Most bills filed in each legislative session fail. For the most part we are thankful for that. But today we summarize a few that survived while you weren’t paying attention. As usual, there are winners, losers, and rainouts.

HB 2730 beefs up the “Landowners’ Bill of Rights” in eminent domain negotiations and proceedings. It amends the Property Code, Water Code and Occupations Code. The effective date is January 1, 2022. Winner: Landowners.

SB 885 gives teeth to quitclaim deeds. It used to be that an owner who takes title through a quitclam could not be a bona fide purchaser and would be on notice of unrecorded conveyances and/or instruments not in their chain of title. Winner: Stability of Texas titles.

Civil Practice and Remedies Code §6.025 is amended and §13.006 is added. After the fourth anniversary of the date a quitclaim deed for real property is recorded in the deed records the deed will not affect the question of the good faith of a subsequent purchaser or creditor and is not notice to a subsequent purchaser or creditor of any unrecorded conveyance or transfer or encumbrance of the real property. This change applies only to quitclaims recorded after the effective date of Septmber 1, 2021. Before this amendment, §16.025 applied only to forgeries.

SB1259 hoses (can’t think of a dignified term) royalty owners by amending Natural Resources Code §91.402 to deny a common-law cause of action for breach of contract against a payor who withholds payments for a title dispute. The exception is if the contract requiring payment specifies otherwise (which they rarely ever do because it hasn’t been necessary). It applies to actions filed after the effective date of the Act, which, piling insult upon injury, was immediately upon the May 24th signing by the Governor. This is a legislative “fix”, on the second try, to the 2018 Texas Supreme Court decision in ConocoPhillips et al v. Koopmann.  Loser: Royalty owners.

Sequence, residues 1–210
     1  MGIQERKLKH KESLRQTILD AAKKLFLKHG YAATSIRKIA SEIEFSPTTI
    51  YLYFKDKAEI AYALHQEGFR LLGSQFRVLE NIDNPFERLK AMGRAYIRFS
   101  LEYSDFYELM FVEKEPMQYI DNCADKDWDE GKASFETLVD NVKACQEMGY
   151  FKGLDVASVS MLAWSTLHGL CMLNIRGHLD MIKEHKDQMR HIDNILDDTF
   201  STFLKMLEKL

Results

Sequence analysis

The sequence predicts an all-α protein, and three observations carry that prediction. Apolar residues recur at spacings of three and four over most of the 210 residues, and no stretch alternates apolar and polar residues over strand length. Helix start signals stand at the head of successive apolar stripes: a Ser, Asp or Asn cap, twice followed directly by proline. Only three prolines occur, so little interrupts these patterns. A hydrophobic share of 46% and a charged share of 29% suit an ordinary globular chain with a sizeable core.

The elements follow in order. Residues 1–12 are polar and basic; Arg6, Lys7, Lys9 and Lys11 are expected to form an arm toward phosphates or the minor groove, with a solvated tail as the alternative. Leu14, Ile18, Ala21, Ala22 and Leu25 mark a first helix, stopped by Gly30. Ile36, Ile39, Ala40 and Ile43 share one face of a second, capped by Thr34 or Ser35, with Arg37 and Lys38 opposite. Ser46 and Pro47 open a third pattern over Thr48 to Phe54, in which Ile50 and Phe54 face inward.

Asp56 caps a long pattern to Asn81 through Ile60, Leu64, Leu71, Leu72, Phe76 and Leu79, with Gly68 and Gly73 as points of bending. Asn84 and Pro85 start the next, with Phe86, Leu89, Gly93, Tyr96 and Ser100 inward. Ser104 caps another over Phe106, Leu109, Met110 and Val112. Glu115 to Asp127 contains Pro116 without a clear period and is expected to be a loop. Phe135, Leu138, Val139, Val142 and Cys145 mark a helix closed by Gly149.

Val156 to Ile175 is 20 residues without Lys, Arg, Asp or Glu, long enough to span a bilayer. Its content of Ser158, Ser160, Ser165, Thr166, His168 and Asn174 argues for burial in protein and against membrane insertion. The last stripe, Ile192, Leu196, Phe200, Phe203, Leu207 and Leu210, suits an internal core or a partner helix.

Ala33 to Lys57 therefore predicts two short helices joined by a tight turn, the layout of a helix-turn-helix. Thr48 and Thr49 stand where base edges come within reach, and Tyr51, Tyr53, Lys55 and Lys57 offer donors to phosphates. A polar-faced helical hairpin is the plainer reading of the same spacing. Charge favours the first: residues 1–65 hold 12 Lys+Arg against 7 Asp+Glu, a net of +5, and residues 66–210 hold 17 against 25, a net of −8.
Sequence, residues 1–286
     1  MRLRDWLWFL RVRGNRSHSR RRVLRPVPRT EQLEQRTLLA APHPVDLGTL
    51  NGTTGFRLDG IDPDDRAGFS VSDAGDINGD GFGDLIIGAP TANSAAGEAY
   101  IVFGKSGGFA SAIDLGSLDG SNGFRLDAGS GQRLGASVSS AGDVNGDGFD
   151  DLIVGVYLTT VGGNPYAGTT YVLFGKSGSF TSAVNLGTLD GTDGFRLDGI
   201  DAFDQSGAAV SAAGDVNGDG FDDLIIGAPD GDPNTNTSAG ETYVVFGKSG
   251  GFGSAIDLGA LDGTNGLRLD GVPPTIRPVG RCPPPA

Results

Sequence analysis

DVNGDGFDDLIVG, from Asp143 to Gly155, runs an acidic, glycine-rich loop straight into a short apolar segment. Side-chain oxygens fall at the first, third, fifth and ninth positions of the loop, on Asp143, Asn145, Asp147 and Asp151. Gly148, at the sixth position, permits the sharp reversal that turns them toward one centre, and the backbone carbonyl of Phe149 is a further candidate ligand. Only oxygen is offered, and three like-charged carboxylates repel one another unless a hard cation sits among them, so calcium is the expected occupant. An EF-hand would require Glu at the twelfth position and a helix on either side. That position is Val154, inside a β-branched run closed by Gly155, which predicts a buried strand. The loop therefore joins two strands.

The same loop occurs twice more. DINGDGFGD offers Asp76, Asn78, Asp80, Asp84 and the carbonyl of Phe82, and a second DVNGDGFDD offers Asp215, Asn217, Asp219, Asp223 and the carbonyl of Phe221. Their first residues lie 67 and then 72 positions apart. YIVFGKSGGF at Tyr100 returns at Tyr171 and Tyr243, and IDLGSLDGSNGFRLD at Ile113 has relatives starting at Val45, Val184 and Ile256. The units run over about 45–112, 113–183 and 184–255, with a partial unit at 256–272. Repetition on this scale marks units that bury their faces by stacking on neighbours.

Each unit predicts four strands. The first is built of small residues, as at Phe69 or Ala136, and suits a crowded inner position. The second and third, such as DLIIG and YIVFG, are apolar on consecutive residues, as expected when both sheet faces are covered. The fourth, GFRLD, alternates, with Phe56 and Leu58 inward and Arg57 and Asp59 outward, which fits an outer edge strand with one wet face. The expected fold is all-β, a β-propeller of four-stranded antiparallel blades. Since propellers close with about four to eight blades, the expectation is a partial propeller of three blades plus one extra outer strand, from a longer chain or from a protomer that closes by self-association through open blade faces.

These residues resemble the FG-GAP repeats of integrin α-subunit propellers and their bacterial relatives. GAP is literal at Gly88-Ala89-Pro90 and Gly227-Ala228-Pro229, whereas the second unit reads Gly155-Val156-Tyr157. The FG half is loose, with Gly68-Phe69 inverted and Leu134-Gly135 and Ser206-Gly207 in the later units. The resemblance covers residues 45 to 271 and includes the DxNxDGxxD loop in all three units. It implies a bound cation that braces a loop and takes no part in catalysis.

HB 3648  requires the Public Utilities Commission and the Railroad Commission to adopt rules to designate certain natural gas entities as critical during an energy emergency.  Here is a summary by the House Research Organization. Winner: Consumers, … or a rainout?

SB 2154 requires that members of the Public Utilities Commission be residents of Texas. Winner: Consumers, … or a rainout?

SB 2 reorganized ERCOT. The Texas Tribune can explain it better than I. Winner: Consumers, … or a rainout?

SB 760 requries solar energy operators to clean up after their facilities are decommissioned and to provide financial security to see that it gets done. Winner: Landowners.

Lessees of state lands, pay attention. SB 1258 amends the Natural Resources Code to address a state lessee’s duty to drill an offset well or pay compensatory royalties if horizontal wells treated by hydraulic fracturing are located within 1,000 feet of a state lease. The Act specifies when an offset well would not be required, which depends on the location of the horizontal drainhole. Winner: Taxpayers and the state budget.

Your musical interlude, for old times’ sake. Winner: Black Lung disease. Loser: J. D. Vance’s relatives and pretty much all the characters in Justified.